No question about the rigour with which Gibney describes those ups and downs, and pursues answers to those self-same questions. Citizen K represents one of the filmmaker's more forcefully anchored documentaries: he puts himself on screen briefly, and fills in whatever gaps his interviewees leave via his own very sober narration, a running counterpoint to the wild opinionating going on elsewhere in the broadcast media. It is a complicated story, taking in several decades' worth of plotting and powergrabs, and one that requires both knitting together - tying Putin's rise to Khodorkovsky's drift into dissidence and exile - and pulling out of the Siberian wastes to show how this internal power struggle relates to the rest of Europe. The director effortlessly manages that, scattering testimony from experts who actually have something urgent to say across segments that resonate both within the context of this story and the wider political climate. Watching a sequence on the extent of Putin's obsession with image control, you realise why British Conservatives - themselves trailing currently underexplained ties to Russia - are presently exerting such a stranglehold on the BBC; Putin's use of anti-oligarch rhetoric to court disenfranchised voters similarly strikes a very loud and very deep chord. Swap in a few "liberal elites" or "unelected bureaucrats", and it's enough to make you wonder who's really been running the UK over the past few years - even before Gibney unscrolls a litany of all those mysterious deaths of Putin critics that have happened of late in and around the Greater London area. Gibney's films continue to serve as educations on multiple fronts, often matching their targets for storytelling guile and strategic cunning; Citizen K insinuates that for enlightened citizens to defeat tyranny, they'll need to understand what tyranny does well and turn that on the tyrants themselves, to couple pro-democracy policies with the rhetorical force of their opponents. One of these days, someone's going to attempt such a judo throw on Putin. Could it be Khodorkovsky? Gibney is seasoned enough to addend a second question: if so, what next?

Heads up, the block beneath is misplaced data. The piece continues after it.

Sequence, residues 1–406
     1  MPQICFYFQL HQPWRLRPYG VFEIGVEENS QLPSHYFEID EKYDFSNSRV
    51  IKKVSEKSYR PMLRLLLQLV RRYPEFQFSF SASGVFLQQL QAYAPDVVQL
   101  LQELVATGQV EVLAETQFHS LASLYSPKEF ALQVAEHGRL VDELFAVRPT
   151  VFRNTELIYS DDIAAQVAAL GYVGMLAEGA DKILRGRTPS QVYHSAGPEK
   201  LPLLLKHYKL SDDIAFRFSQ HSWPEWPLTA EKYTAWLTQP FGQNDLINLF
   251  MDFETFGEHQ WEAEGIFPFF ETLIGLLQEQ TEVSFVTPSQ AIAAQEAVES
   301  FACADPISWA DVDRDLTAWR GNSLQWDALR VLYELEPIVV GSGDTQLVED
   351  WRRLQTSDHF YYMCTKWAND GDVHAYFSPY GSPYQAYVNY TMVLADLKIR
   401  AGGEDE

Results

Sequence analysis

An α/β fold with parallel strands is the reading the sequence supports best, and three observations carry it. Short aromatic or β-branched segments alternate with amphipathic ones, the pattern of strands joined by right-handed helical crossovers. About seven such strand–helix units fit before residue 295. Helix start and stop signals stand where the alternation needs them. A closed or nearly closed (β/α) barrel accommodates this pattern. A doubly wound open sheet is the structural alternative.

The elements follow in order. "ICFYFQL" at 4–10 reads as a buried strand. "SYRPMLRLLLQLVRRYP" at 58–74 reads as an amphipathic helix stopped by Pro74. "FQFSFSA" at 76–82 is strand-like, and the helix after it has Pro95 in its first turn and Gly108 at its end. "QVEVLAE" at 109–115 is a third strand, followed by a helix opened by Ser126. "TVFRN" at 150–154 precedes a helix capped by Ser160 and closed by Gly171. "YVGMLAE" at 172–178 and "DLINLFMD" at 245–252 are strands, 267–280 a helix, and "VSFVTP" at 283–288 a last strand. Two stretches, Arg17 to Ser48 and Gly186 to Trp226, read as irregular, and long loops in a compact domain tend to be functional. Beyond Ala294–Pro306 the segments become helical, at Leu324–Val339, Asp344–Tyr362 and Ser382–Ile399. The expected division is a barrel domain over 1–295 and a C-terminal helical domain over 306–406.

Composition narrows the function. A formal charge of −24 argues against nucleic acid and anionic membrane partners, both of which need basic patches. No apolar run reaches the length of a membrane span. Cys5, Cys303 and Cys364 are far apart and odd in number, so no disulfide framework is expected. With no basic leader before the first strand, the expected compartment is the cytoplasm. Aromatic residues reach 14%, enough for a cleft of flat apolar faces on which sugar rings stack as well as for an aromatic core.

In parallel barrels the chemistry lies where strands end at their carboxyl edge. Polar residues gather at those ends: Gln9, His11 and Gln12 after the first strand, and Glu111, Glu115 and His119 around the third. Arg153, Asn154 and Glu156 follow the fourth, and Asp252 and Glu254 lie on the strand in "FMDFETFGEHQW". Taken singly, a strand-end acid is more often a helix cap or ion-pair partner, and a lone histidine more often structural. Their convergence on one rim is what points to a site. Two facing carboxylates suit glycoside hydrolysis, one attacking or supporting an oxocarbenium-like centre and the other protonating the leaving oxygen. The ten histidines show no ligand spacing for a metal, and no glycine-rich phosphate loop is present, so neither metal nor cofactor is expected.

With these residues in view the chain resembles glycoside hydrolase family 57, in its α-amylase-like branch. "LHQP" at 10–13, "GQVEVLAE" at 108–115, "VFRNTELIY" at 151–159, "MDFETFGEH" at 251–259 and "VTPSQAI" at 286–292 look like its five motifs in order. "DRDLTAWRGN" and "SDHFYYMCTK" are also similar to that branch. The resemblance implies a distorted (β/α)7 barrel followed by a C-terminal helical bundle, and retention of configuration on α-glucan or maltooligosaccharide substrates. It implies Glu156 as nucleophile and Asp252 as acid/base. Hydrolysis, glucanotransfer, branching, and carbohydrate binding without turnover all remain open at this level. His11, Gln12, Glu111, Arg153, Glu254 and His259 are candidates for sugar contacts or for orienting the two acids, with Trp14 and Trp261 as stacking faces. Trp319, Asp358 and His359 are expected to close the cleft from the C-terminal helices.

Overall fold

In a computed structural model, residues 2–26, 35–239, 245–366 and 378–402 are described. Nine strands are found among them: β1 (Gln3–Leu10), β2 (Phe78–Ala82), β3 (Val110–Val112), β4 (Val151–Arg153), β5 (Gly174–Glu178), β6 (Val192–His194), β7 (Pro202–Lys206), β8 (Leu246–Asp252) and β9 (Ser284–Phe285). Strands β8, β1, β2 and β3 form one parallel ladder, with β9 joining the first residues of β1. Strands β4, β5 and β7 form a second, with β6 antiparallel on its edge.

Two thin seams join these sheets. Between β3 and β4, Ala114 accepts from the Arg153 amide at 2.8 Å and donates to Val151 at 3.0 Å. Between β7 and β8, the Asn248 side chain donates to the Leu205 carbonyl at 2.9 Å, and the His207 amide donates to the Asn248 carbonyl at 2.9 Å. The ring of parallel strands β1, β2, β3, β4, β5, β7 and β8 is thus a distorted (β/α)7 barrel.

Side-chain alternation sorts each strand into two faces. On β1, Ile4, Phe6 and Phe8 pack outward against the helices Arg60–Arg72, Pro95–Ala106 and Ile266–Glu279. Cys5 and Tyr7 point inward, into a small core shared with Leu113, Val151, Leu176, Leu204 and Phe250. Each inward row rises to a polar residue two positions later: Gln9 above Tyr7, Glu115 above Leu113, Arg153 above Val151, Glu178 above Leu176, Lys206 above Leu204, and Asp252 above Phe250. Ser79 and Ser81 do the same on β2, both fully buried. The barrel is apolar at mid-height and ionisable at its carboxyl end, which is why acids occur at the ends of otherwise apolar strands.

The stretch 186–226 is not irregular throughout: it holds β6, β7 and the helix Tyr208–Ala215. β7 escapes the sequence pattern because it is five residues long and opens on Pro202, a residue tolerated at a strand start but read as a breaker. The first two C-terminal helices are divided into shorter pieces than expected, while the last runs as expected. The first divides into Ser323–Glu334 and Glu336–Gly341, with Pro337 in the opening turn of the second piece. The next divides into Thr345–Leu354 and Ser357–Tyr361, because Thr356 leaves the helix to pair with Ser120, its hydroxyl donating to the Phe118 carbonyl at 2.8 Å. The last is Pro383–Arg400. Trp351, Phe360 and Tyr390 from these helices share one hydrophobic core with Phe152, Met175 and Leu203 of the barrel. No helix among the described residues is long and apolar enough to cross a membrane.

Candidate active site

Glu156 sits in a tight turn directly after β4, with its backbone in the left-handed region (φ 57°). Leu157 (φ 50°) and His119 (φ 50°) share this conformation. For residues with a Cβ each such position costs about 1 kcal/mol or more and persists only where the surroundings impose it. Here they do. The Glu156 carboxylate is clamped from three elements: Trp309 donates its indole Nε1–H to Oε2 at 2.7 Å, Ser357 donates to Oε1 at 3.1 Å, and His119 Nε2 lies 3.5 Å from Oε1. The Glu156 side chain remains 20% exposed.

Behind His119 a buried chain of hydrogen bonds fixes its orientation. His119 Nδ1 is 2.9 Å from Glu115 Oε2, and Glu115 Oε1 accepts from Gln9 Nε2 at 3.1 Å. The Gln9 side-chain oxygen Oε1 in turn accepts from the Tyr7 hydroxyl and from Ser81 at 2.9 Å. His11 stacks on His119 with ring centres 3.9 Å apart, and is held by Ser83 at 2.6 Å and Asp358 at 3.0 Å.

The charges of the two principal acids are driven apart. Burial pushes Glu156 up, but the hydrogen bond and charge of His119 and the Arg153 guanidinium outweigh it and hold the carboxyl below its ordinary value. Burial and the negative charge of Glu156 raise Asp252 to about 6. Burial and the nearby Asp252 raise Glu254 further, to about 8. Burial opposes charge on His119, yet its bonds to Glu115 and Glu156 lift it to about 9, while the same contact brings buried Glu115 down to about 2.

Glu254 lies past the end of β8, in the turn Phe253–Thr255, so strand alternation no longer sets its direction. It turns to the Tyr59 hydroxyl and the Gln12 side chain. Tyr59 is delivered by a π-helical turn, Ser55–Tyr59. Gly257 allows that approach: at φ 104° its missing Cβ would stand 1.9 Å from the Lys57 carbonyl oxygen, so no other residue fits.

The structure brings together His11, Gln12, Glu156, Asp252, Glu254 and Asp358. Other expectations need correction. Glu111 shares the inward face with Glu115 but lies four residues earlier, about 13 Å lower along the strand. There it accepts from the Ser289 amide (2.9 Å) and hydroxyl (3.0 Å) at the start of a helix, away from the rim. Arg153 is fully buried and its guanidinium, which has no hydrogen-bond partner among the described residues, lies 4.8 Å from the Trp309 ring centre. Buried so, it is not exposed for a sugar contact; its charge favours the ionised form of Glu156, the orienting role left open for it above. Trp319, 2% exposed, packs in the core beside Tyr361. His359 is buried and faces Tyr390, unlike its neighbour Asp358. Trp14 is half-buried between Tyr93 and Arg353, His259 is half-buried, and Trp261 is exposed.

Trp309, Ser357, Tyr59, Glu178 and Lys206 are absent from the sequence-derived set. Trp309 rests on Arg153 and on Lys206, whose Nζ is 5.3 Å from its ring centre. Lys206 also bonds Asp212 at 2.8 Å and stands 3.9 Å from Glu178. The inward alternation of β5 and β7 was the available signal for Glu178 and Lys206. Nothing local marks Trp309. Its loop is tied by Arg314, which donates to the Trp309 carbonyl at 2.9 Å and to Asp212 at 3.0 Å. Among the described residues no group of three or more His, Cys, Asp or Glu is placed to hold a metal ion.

Citizen K is now streaming via Curzon Home Cinema.